Designating a section of your garden for native and heirloom flowers feeds our pollinators—and looks beautiful too
We’ve all heard that the butterfly population is at risk, so what can we do? Well, we can help out the monarchs—and other butterflies—by planting some specific flowers.
A “butterfly garden” landscape design is not only beneficial to the health of the butterfly population, but the blooming flowers provide colour and beauty while also increasing the productivity and health of vegetable gardens.
Why are butterfly gardens needed?
With the loss of important butterfly habitat due to growing urbanization, the increased use of pesticides and herbicides, as well as lost grasslands, we’re seeing an environmental threat to butterflies and other pollinators, like bees and birds.
A small plot of native perennials can serve as a permanent sanctuary or stopping ground (corridor) for butterflies to feed on, shelter and thrive. These garden areas can actually accommodate a variety of species at different stages of their life cycle: egg, larva, pupa and adult.
Creating and restoring butterfly habitats offsets what development, roadside mowing and wetland drainage have destroyed over the years.
Why are butterflies important to our environment and ecosystem?
Butterflies have a special, symbiotic relationship with our planet. Because they’re so sensitive to environmental changes, they serve as a warning for when something is off within an ecosystem. By studying butterflies, scientists are alerted sooner to the problems affecting living things, including humans.
Butterflies are a keystone species, which means many other species within an ecosystem rely on their health and the functions they provide. Butterflies are a tasty treat for other animals, and they pollinate the plants that birds, deer and other wildlife eat.
Also, while they’re pollinating and migrating, butterflies are transferring pollen from one plant to another. This promotes genetic variety and helps plants to become more resistant to disease, giving them a better chance at survival.
Finally, butterflies are essential in the agricultural crops that we as humans depend on. As they’re visiting your garden, they’ll repay you by pollinating plants that will feed you. They will also attract beneficial insects, like native bees and ladybugs, which will give you a healthy, pest-free garden.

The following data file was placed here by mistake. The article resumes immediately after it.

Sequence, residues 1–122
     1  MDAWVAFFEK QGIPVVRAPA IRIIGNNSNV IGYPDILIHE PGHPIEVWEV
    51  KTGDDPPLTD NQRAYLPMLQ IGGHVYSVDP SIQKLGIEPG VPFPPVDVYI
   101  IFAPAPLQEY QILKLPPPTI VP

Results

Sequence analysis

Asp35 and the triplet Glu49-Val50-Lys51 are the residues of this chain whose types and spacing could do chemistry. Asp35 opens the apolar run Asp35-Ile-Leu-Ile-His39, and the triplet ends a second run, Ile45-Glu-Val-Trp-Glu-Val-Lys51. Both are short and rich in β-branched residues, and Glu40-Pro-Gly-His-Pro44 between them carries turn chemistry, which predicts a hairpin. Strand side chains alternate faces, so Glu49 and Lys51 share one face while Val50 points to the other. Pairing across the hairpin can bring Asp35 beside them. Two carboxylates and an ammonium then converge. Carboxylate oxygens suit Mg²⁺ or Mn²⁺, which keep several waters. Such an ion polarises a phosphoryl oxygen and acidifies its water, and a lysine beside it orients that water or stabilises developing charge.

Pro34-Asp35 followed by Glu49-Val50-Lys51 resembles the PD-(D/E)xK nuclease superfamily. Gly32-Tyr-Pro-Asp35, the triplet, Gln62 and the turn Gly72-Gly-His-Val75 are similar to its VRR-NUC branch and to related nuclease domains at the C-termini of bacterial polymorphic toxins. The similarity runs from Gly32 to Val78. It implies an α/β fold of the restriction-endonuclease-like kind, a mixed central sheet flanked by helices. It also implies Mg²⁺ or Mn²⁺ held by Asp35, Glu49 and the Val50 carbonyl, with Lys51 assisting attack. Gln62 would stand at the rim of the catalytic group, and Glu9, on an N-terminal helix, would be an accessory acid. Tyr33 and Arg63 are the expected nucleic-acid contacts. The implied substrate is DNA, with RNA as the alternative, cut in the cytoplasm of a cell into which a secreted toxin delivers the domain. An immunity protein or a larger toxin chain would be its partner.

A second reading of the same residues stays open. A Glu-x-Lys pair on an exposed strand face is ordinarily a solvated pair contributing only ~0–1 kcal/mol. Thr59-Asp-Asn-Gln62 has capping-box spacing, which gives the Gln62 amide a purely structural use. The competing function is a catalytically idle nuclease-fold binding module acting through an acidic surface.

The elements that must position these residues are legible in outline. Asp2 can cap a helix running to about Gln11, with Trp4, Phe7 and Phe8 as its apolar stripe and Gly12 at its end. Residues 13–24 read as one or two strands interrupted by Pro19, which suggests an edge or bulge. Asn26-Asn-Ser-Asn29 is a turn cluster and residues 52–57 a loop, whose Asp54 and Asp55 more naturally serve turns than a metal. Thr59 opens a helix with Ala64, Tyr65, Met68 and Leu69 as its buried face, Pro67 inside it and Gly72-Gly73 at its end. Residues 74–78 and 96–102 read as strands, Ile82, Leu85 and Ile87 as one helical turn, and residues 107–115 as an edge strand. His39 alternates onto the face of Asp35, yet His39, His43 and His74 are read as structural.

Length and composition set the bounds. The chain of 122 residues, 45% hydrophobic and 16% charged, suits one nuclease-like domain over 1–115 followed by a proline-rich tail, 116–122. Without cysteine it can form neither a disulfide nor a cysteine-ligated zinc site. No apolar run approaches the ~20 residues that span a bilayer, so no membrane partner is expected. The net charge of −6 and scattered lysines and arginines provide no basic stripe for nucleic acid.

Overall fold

A “butterfly” effect would impact our entire ecosystem, so the least we could do is plant them some flowers.
How and what to plant in your butterfly gardenPhoto by Xuan Nguyen on Unsplash
Location: Make sure to choose a sunny, low-wind spot in your yard. Butterflies rely on sunlight to regulate temperature, as well as for energy to forage and fly.
Implement a water source: A bird bath or small water dish will give butterflies a spot to land, rest and quench their thirst. If possible, partially submerge stones to provide perches for them. These landing pads are ideal warming spots for absorbing that sun. You can also throw some in sheltered and shaded areas for resting.
Mud puddling: Male butterflies sit on damp soil and extract the minerals necessary to their reproductive success. What you can do is sink a pan filled with a mixture of garden soil, sand and compost and keep it moist for them.
Shelter: It’s great to incorporate more than flowers in your garden, if you can. Trees and shrubs can provide shade, resting places and overwintering hibernation areas for butterflies, while also protecting against predators and harsh weather. It’s great to plant things that will come up all year, and not just in the spring/summer months.
Avoid pesticides: Sprays—even “organic” sprays, kill or harm butterflies. If it’s harming one thing, it’s harming them all. The best pest control for your garden is companion planting.
Mainly native plants: Though there are some non-natives that are great for butterflies, native plants are better adapted to your current climate, require fewer resources to be maintained, are hardier, and your local butterflies will be used to this particular flower.
What to plant to attract butterflies
- Canadian Goldenrod
- Wild Bergamot
- New England Aster
- Black-eyed Susan
- Common Yarrow
- Purple Coneflowers
- Butterfly bush
- Joe-Pye weeds